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FEMS Microbiol Lett. 2014 Nov;360(1):1-8. doi: 10.1111/1574-6968.12602. Epub 2014 Oct 1.

Bacterial differentiation, development, and disease: mechanisms for survival.

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Center for Microbial Pathogenesis, The Research Institute at Nationwide Children's Hospital, Columbus, OH, USA; The Ohio State University School of Medicine, Columbus, OH, USA.


Bacteria have the exquisite ability to maintain a precise diameter, cell length, and shape. The dimensions of bacteria size and shape are a classical metric in the distinction of bacterial species. Much of what we know about the particular morphology of any given species is the result of investigations of planktonic cultures. As we explore deeper into the natural habitats of bacteria, it is increasingly clear that bacteria can alter their morphology in response to the environment in which they reside. Specific morphologies are also becoming recognized as advantageous for survival in hostile environments. This is of particular importance in the context of both colonization and infection in the host. There are multiple examples of bacterial pathogens that use morphological changes as a mechanism for evasion of host immune responses and continued persistence. This review will focus on two systems where specific morphological changes are essential for persistence in animal models of human disease. We will also offer insight into the mechanism underlying the morphological changes and how these morphotypes aid in persistence. Additional examples of morphological changes associated with survival will be presented.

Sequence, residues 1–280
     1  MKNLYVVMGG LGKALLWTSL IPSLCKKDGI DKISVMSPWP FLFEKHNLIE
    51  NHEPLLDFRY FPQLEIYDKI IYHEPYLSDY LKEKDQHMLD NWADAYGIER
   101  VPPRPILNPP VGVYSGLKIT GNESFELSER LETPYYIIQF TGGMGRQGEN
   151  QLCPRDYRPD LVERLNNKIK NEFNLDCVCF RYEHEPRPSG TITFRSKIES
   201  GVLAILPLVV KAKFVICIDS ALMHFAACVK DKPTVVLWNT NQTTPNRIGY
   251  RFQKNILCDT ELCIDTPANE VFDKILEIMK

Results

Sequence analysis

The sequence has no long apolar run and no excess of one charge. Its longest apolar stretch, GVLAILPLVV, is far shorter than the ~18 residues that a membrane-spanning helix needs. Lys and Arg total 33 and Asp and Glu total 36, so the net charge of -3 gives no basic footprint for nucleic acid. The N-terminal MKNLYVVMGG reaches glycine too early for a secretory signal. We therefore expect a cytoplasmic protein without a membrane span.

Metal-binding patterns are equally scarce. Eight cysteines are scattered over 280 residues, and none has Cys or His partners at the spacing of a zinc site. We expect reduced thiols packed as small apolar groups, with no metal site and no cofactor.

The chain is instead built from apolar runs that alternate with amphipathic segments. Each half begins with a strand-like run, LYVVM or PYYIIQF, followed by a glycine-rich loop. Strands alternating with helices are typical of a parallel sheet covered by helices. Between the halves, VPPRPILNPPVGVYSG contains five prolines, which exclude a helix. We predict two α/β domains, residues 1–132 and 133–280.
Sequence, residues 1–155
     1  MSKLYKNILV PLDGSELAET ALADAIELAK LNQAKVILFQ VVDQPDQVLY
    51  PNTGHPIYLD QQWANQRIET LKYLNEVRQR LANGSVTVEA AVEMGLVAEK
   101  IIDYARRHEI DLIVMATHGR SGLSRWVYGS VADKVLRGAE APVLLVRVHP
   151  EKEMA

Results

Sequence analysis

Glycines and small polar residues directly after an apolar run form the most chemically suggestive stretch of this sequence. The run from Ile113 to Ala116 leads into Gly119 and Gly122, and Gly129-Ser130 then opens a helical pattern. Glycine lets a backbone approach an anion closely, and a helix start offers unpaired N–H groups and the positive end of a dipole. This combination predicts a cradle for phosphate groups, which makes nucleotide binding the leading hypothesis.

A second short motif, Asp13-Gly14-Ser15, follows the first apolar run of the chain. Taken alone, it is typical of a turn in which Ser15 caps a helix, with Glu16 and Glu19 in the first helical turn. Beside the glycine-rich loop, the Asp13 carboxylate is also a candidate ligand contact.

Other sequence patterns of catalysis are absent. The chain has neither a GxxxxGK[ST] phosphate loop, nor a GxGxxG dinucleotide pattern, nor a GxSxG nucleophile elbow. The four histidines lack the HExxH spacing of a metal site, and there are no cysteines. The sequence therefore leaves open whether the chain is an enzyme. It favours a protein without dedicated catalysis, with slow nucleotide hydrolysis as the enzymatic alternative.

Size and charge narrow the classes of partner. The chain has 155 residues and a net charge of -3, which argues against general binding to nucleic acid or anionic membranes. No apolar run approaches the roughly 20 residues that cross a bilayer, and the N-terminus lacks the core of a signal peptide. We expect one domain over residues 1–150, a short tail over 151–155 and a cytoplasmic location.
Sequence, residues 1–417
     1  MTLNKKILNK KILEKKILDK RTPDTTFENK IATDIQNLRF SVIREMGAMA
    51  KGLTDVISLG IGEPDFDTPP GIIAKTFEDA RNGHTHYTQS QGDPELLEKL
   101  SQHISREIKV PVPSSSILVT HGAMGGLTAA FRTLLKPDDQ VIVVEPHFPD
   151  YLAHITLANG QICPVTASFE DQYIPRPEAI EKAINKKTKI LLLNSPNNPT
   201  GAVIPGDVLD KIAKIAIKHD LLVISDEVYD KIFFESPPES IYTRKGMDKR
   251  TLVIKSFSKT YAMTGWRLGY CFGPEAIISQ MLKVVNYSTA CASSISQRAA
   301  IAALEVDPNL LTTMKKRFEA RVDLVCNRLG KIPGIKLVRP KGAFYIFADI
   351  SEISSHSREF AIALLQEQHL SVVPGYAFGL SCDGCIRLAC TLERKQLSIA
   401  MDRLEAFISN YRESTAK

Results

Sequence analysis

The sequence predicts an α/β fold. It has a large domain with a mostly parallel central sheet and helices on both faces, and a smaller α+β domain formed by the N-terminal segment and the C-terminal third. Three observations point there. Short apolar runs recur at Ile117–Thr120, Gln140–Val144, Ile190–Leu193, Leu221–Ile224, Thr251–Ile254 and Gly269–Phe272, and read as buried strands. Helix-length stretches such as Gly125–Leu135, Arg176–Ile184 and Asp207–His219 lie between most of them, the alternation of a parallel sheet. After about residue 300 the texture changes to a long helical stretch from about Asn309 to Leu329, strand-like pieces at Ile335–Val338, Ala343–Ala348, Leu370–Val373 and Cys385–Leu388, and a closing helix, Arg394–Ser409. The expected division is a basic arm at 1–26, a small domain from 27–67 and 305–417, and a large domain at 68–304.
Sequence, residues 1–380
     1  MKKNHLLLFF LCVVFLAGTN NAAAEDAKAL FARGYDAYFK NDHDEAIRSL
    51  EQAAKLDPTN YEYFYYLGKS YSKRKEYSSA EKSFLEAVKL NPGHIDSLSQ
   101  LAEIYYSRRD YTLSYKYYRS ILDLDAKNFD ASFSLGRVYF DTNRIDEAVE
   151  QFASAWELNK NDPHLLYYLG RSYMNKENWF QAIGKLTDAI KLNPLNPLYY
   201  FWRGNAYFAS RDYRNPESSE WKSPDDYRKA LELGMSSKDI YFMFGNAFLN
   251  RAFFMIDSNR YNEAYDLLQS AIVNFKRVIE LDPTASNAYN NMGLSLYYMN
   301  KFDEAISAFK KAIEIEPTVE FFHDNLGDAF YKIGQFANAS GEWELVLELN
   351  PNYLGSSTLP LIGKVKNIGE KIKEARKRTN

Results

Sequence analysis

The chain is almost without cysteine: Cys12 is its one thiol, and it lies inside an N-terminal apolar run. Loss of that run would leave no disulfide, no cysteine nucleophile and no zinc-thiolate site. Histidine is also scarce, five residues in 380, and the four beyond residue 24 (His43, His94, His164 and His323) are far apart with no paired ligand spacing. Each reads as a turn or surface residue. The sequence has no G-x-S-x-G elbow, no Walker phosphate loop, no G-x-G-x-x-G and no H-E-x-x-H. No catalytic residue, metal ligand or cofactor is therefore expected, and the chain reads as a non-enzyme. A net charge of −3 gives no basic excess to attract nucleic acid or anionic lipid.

morphology; otitis media; persistence; urinary tract infection

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